noun, [pen-tuh-men-toh] Painting. The presence or emergence of earlier images, forms, or strokes that have been changed and painted over.
(From Wikipedia) “A pentimento is an alteration in a painting, evidenced by traces of previous work, showing that the artist has changed his or her mind as to the composition during the process of painting. The word is Italian for repentance, from the verb pentirsi, meaning to repent.”
I love this word. I remember it from Lillian Hellman’s book by the same name. It’s what I think of every time I see a picture of the little Double Arch Alcove at the end of the Taylor Creek trail in the Kolob Canyons section of Zion National Park. The alcove is not so small really, until you compare it to some of the vast expanses of towering giants, the painted red rock walls in the main canyon of Zion, which then makes Double Arch Alcove seem like a painting in miniature. But to stand and study it in detail makes me think of Nature’s pentimento. It’s as if she had but this one small canvas…yet couldn’t decide what to make of it. So the wall contains layers and layers of variegated brush strokes over the curved arch of canvas, each stroke covering previous attempts to adorn the landscape beneath it.
The Taylor Creek trail is located in the much lesser trafficked Kolob Canyon section of Zion National Park. Although it shares a common boundary with the main part of the Zion, we must drive out to the I-15 freeway and go 40 miles north to a separate entrance to access this section of the park. It’s my first visit to this area which is known for greater wilderness, fewer tourists. But given the lack of maintained trails, Taylor Creek turns out to have the most people we have seen thus far. Still, it’s a fun, easy trail, as it crosses the stream between 30 and 40 times according to the trail description.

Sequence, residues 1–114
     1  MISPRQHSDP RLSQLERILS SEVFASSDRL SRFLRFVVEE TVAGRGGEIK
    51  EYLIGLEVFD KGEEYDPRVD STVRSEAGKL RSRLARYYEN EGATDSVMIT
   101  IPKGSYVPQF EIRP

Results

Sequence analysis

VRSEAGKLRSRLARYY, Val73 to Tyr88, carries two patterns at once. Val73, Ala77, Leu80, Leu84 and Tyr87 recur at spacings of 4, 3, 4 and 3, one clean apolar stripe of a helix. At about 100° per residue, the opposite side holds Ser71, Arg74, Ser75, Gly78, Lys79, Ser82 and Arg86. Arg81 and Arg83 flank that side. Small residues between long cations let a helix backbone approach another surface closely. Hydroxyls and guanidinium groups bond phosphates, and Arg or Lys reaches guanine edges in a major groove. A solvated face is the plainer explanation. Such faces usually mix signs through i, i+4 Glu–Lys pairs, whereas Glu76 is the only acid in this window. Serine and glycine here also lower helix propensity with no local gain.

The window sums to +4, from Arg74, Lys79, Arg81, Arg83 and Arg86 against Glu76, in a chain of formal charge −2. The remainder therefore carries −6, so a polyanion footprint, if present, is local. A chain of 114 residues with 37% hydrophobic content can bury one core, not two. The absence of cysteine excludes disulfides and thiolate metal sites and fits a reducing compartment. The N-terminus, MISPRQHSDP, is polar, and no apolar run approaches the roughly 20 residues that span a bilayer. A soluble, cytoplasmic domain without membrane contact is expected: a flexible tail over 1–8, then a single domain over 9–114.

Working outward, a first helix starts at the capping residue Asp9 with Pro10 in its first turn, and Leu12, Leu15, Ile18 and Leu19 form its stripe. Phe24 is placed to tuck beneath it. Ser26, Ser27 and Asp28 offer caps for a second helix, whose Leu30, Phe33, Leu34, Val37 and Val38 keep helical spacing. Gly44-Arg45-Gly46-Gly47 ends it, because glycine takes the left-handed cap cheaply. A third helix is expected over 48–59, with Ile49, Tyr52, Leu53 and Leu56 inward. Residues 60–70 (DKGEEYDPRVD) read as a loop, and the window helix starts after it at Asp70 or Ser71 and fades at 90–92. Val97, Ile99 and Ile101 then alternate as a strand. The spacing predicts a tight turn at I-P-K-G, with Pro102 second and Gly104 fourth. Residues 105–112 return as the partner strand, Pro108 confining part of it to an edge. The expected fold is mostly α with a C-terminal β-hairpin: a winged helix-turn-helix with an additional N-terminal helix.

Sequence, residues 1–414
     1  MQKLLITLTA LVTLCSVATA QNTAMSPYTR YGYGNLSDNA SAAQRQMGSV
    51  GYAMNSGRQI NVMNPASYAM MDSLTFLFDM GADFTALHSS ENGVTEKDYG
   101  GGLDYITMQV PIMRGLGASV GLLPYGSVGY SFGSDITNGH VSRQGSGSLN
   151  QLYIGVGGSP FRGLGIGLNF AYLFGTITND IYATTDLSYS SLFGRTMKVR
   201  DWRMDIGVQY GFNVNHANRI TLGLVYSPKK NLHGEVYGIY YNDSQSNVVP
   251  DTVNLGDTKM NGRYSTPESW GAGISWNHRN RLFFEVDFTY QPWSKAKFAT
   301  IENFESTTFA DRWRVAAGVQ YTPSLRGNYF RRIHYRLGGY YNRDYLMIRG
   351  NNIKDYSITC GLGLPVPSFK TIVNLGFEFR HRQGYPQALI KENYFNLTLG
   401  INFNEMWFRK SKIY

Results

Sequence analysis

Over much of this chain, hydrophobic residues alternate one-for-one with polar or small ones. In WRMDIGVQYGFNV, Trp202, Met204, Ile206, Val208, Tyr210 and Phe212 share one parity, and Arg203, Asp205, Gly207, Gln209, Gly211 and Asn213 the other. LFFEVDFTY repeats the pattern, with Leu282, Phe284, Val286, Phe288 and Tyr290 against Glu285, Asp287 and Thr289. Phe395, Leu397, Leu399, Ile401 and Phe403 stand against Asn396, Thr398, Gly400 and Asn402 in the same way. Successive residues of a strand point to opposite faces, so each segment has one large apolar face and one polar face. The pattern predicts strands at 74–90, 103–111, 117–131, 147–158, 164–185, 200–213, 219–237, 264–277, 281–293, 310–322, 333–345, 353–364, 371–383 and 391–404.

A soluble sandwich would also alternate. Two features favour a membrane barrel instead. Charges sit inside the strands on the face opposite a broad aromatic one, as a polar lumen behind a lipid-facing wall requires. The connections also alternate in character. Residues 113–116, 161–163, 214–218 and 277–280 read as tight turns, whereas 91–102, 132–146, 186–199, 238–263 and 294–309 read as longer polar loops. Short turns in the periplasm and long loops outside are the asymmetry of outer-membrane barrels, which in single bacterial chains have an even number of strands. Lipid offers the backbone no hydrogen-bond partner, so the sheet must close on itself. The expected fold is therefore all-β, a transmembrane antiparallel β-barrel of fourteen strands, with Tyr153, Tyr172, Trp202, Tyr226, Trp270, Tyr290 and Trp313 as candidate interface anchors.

There have been lots of conversations on the trail this year about “color.” Some hues just seem outrageous, more so than I remember from last year. Particularly the blues of the skies and the intense reds that come about as a result of a cold, clear autumn day. Attempts to describe the hues have spurned labels like “Impossible Blue” and “Surreal-ean Blue” (Cerulean) as we grapple with a way to describe the depth and intensity in Zion’s palatte.
Also up for discussion is the portrayal of these colors through photography, and the use of saturation. How much is too much? Ideally, one would use saturation to manipulate the photo to more closely resemble what was seen with the naked eye. Only instead of increasing, we discuss the need to decrease. There is no need to saturate, as Nature is doing that for us. The sun lighting up one red cliff casts an unnatural, intense orange glow on the opposing red cliff, causing the red glow to reverberate, even reflecting back onto the trail. We could be walking on the set of “The Martian’s” red planet.
And the blue of the skies in Utah is like no place I have ever seen. The term “sky blue” would represent a washed out, hazy day in Zion. Instead, the color as a back drop against the snow white and rose red sandstone looks more like Indigo, somewhere in between blue and violet.
In the end, it doesn’t really matter if the photo has been embellished; if saturation has increased or decreased. What really matters is the memory it evokes to the photographer. The one that stood there on that cold, damp autumn day and looked through the lens, knowing the camera would never do justice to the place, but hoping instead it would evoke some memory at a later date…”to see again.” The lighting, the cold, the damp, the wind, the distance of the trail are all just layers of paint of a different day. What lies within is what counts. Beneath the pentimento.
“Old paint on a canvas, as it ages, sometimes becomes transparent. When that happens it is possible, in some pictures, to see the original lines: a tree will show through a woman’s dress, a child makes way for a dog, a large boat is no longer on an open sea. That is called pentimento because the painter “repented,” changed his mind. Perhaps it would be as well to say that the old conception, replaced by a later choice, is a way of seeing and then seeing again. That is all I mean about the people in this book. The paint has aged and I wanted to see what was there for me once, what is there for me now.”
― Lillian Hellman, Pentimento